According to the U.S. Energy Information Administration, over one quarter of Americans currently live in all-electric homes. But that number is about to explode as municipalities from coast to coast phase out natural gas to tackle climate change.
According to the Rocky Mountain Institute, “Seventy million American homes and businesses burn natural gas, oil, or propane on-site to heat their space and water, generating 560 million tons of carbon dioxide each year.”
But California, generally the harbinger of progress in the U.S., is changing the game, blazing a trail towards net zero emissions homes and buildings, as well as a completely carbon-neutral economy by 2045.
To augment the State’s solar mandate (which requires most new homes to have onsite solar as of January 2020), 13 municipalities throughout the state, including Berkley, San Luis Obispo, Mountainview, Sunnyvale, and Santa Monica, are embracing all-electric construction by enacting new codes that encourage the phase out of natural gas infrastructure and products.
Some of the codes ban natural gas hookups, while others offer incentives, like density bonuses, to builders and developers who choose to go all-electric.
Proponents insist that the new codes are imperative to address the realities of our changing climate, particularly given that electricity generated from natural gas used in buildings is responsible for 33% of U.S. carbon dioxide emissions, according to the U.S. Information Administration.
Critics—namely, the American Gas Association (AGA) and natural gas utilities—are fighting to protect their market share, asserting that the phase out of natural gas will make it more difficult and expensive to meet climate and emissions reduction targets.
While the AGA avows that all-electric homes would increase costs for homeowners by nearly $1,000 per year, independent research conducted by the Rocky Mountain Institute shows that owners of all-electric homes would actually save close to $300 per year.
“For most new home construction, we find electrification of space and water heating and air conditioning reduces the homeowner’s costs over the lifetime of the appliances when compared with performing the same functions with fossil fuels,” claims the Rocky Mountain Institute.
Stephanie Wang, policy director of the California Housing Partnership, states “It is critically important that we do not shift the costs of moving off of fossil fuels onto communities that cannot afford to be squeezed any further.”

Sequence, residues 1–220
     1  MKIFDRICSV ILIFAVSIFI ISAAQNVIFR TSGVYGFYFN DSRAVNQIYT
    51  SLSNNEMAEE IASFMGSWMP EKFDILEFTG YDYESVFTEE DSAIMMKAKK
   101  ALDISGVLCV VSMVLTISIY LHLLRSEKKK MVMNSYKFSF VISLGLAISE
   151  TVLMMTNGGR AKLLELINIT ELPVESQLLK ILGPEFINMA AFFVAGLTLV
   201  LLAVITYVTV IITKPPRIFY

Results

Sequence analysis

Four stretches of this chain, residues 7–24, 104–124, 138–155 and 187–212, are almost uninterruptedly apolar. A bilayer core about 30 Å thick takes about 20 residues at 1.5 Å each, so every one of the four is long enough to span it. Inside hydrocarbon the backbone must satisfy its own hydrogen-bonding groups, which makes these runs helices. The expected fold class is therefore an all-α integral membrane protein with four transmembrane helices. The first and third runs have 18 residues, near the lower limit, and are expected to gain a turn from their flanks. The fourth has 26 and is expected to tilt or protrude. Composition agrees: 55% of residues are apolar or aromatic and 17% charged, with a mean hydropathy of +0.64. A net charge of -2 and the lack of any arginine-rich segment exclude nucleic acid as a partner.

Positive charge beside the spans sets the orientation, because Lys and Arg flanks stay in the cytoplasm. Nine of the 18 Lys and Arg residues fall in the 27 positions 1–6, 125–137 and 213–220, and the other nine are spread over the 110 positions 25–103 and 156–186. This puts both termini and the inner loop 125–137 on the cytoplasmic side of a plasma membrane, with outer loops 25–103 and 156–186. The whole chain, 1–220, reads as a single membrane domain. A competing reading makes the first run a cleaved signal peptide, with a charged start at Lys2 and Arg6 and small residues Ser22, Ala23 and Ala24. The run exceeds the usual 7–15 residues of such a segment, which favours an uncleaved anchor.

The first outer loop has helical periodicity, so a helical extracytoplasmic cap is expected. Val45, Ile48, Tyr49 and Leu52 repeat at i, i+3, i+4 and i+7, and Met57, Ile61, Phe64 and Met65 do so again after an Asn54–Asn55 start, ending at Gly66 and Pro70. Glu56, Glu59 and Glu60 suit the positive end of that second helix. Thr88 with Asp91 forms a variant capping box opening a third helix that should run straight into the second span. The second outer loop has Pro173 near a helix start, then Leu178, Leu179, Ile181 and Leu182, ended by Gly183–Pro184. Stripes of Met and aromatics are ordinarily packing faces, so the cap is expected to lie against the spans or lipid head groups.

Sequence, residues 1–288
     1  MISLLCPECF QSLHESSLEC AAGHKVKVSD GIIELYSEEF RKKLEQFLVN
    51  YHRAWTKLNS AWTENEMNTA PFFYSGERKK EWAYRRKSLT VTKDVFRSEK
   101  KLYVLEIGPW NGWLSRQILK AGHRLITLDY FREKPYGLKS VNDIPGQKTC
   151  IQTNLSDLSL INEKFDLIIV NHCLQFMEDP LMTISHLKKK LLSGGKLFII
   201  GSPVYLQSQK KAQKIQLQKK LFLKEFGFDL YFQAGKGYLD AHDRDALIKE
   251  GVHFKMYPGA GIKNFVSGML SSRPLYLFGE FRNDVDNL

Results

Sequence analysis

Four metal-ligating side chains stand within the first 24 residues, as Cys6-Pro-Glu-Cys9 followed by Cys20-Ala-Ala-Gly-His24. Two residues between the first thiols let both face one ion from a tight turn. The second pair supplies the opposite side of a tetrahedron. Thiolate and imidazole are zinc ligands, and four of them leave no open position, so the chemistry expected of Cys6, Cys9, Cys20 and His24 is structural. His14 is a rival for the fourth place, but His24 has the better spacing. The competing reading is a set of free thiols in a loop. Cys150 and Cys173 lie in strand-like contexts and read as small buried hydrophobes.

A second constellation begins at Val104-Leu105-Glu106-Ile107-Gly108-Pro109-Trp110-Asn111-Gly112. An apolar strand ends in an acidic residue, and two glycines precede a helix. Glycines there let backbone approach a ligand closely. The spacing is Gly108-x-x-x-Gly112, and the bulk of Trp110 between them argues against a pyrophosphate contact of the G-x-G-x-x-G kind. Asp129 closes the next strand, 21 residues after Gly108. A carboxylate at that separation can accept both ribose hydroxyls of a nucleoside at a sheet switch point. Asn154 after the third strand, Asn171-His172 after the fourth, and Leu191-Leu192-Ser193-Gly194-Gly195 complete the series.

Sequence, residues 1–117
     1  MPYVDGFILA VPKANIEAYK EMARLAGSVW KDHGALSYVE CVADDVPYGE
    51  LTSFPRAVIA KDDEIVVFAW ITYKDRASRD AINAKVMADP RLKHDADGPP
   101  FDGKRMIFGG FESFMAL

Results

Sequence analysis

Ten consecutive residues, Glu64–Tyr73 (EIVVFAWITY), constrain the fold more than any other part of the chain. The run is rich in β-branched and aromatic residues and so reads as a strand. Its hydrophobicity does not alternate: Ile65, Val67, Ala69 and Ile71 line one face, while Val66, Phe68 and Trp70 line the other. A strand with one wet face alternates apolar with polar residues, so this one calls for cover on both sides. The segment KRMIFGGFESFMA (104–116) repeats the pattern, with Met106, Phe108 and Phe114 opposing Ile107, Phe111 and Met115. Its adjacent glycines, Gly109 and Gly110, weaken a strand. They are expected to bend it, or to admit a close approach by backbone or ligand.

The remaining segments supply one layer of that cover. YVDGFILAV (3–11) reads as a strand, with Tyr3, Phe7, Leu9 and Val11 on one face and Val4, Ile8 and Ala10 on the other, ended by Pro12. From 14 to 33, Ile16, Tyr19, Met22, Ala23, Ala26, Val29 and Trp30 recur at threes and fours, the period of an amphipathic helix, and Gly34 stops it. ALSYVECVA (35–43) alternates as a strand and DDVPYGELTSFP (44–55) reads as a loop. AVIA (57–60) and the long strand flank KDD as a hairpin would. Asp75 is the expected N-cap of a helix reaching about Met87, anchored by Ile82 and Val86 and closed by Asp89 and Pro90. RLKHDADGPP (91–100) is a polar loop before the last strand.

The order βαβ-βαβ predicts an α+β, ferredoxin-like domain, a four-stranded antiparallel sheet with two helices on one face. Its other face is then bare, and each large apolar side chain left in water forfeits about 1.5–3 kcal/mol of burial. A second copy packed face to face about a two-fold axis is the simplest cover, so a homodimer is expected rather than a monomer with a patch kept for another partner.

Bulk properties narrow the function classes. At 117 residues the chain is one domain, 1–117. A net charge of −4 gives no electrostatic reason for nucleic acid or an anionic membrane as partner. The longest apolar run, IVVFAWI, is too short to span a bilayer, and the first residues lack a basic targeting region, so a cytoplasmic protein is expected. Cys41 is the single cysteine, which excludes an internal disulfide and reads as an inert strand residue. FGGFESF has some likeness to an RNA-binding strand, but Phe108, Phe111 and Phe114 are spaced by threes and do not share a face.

Wang claims that the transition to all-electric homes will address the housing crisis in California and beyond by “empowering affordable housing developers to tap the full range of innovative low-carbon technologies so they can choose the options with the lowest upfront costs and greatest bill savings for residents.”
Homeowners can expect to see a dramatic increase in all-electric homes over the next decade.
The Southeast already boasts 45% all-electric homes, but in the rest of the country, natural gas is used widely for HVAC systems, water heaters, clothes dryers, and cooking devices.
Some manufacturers see the writing on the wall and have developed innovative products to facilitate the transition to net zero and all-electric. Whirlpool, for example, offers energy efficient, electric induction cooktops with advanced Schott Robax glass that heat food in a fraction of the time that it takes conventional cooktops, as well as hybrid electric clothes dryers. Bradford White has developed a super-efficient, zero-emissions hybrid water heater that already meets Title 24 requirements, and Mitsubishi Electric Trane’s ductless mini-split HVAC systems are transforming the HVAC sector in the U.S.
While all-electric building codes have, to date, only been passed in California, cities in Massachusetts, Oregon, Texas, New Mexico, Washington, and Louisiana are exploring similar ordinances to shift away from natural gas.
If implemented correctly, the transition to all-electric homes and buildings can be a tremendous economic boon to the construction industry and a mind-boggling workforce opportunity, not to mention an essential part of an effective climate action plan.
Interested in learning more about the transition to net zero energy and emissions? Join Green Builder Media for a day of inspiration, education, and networking at our fourth annual Sustainability Symposium 2020: Improving the Human Condition, scheduled for January 20, 2020 on the UNLV campus in Las Vegas.
Speakers include global sustainability leader Andrew Winston, world-renowned architect Ed Mazria, Green New Deal co-author Rhianna Gunn-Wright, award-winning Thrive Home Builders CEO Gene Myers, and distinguished civil rights attorney Kalpana Kotagal.
And, don’t miss the celebration of our annual Home of the Year and Sustainability Awards winners at a special gala dinner on January 19, 2020 on the Zappos Campus.
Click here to register for the Sustainability Symposium 2020: Improving the Human Condition and Sustainability Awards gala. Space is strictly limited and by reservation only, so reserve your seat today! Register for the Symposium before November 22, 2019 using the code EarlyBird and you’ll receive a $50 discount.
A sincere thank you to our generous sponsors, Ingersoll Rand, Mitsubishi Electric Trane, DuPont, Jinko Solar, and Zappos, for helping to make the Symposium and gala dinner possible.
To learn more about the Sustainability Symposium 2020: Improving the Human Condition, visit the event microsite.
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